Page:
I've been struggling with this for a while. I'm solving the longest common subsequence problem in Haskell as a learning exercise.

I have a function `f1` that is passed two Ints `i` and `j`, and a function `f2`. `f1` builds a two dimensional list so that the (i,j) location in the list is equal to `f2 i j`.

Now I'm trying to write a function called `lcs` that takes two Strings `s1` and `s2` and finds the longest common subsequence using `f1` for memoization.

I'm not exactly sure how to set this up. Any ideas?

Code:

``````f1 :: Int -> Int -> (Int -> Int -> a) -> [[a]]

f2 :: Int -> Int -> a

lcs:: String -> String -> Int
``````
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I don't completely understand what `f1` and `f2` do. Is it possible to post the code? Here are the type signatures as I understand them: `f1 :: Int -> Int -> a`; `f2 :: Int -> Int -> a`. What's the difference? –  Andres Riofrio Sep 30 '11 at 21:20
@AndresRiofrio: Maybe xcross means `f1 :: (Int -> Int -> a) -> [[a]]` s.t. `f1 f2 !! i !! j == f2 i j`. –  rampion Sep 30 '11 at 21:24
@rampion: How about `f1 :: Int -> Int -> (Int -> Int -> a) -> [[a]]` and `f2 :: Int -> Int -> a`? So that `f1 _ _ f2 !! i !! j == f2 i j`. –  Andres Riofrio Sep 30 '11 at 21:34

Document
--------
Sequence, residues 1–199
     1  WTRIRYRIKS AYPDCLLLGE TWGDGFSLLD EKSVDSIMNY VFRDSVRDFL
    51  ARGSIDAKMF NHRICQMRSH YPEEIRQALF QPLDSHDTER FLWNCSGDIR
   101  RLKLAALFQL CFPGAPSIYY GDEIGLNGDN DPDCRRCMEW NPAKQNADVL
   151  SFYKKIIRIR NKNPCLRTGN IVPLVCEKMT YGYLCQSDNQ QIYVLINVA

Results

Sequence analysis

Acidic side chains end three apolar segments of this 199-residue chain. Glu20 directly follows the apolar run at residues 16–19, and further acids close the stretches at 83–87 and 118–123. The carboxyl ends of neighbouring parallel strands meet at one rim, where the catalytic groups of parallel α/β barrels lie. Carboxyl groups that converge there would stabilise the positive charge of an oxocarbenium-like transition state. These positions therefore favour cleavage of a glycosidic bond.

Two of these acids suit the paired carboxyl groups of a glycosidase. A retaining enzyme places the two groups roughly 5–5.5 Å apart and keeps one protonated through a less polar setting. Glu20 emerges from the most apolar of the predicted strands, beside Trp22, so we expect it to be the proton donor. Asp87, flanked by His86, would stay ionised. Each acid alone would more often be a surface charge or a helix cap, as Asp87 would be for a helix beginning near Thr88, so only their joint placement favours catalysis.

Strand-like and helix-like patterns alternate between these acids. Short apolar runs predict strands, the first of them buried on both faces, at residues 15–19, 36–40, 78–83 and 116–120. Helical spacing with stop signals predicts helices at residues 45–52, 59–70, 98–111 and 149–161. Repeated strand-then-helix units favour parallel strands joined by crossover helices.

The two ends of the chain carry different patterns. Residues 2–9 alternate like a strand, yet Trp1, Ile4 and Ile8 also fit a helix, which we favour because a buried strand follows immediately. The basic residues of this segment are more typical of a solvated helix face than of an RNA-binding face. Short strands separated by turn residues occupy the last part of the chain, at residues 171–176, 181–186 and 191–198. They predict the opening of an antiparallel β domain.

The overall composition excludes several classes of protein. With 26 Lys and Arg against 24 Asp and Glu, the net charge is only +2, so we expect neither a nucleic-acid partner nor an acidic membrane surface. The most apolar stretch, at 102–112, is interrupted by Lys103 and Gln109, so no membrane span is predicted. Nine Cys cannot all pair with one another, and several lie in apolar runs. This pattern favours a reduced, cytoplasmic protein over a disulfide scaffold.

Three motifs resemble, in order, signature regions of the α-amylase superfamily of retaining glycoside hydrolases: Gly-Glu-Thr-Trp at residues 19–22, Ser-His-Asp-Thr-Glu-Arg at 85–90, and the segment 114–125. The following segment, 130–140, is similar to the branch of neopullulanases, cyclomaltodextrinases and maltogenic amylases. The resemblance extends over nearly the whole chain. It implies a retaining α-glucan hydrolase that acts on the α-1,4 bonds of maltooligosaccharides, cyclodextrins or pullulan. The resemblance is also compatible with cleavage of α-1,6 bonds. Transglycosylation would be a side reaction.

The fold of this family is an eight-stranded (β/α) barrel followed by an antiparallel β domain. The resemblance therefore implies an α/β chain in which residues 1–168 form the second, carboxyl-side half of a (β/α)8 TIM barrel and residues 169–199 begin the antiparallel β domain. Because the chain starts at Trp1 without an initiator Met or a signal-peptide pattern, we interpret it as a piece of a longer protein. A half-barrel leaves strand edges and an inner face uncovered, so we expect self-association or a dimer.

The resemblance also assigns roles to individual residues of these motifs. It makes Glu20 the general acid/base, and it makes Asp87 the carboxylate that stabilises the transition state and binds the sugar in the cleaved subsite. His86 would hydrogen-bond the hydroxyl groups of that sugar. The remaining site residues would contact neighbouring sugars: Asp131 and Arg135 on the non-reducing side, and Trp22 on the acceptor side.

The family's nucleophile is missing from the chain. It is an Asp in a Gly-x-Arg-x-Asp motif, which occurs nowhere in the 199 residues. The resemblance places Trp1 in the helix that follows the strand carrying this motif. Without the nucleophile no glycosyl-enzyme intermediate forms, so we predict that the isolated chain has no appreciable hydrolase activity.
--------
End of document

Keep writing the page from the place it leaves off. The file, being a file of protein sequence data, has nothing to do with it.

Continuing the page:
@AndresRiofrio added some code. Thanks guys. –  user686605 Sep 30 '11 at 22:07
Solve recursively first (as defined (not implemented) on wikipedia), don't worry about the exponential time. Then, after that is implemented correctly, go back and memoize (there are various techniques for this, but that's fodder for another SO question). –  luqui Sep 30 '11 at 22:41
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I assume the `Int` parameters of `f1` are some sort of bounds? Remember that using lists give you the benefit of not needing to specify bounds (because of laziness), but it costs you slow access times.

This function should do what you want `f1` to do (memoize a given function):

``````memo :: (Int -> Int -> a) -> (Int -> Int -> a)
memo f = index where
index x y = (m !! x) !! y
m         = [[f x y|y <- [0..]]|x <- [0..]]

-- memoized version of f2
f2' = memo f2
``````
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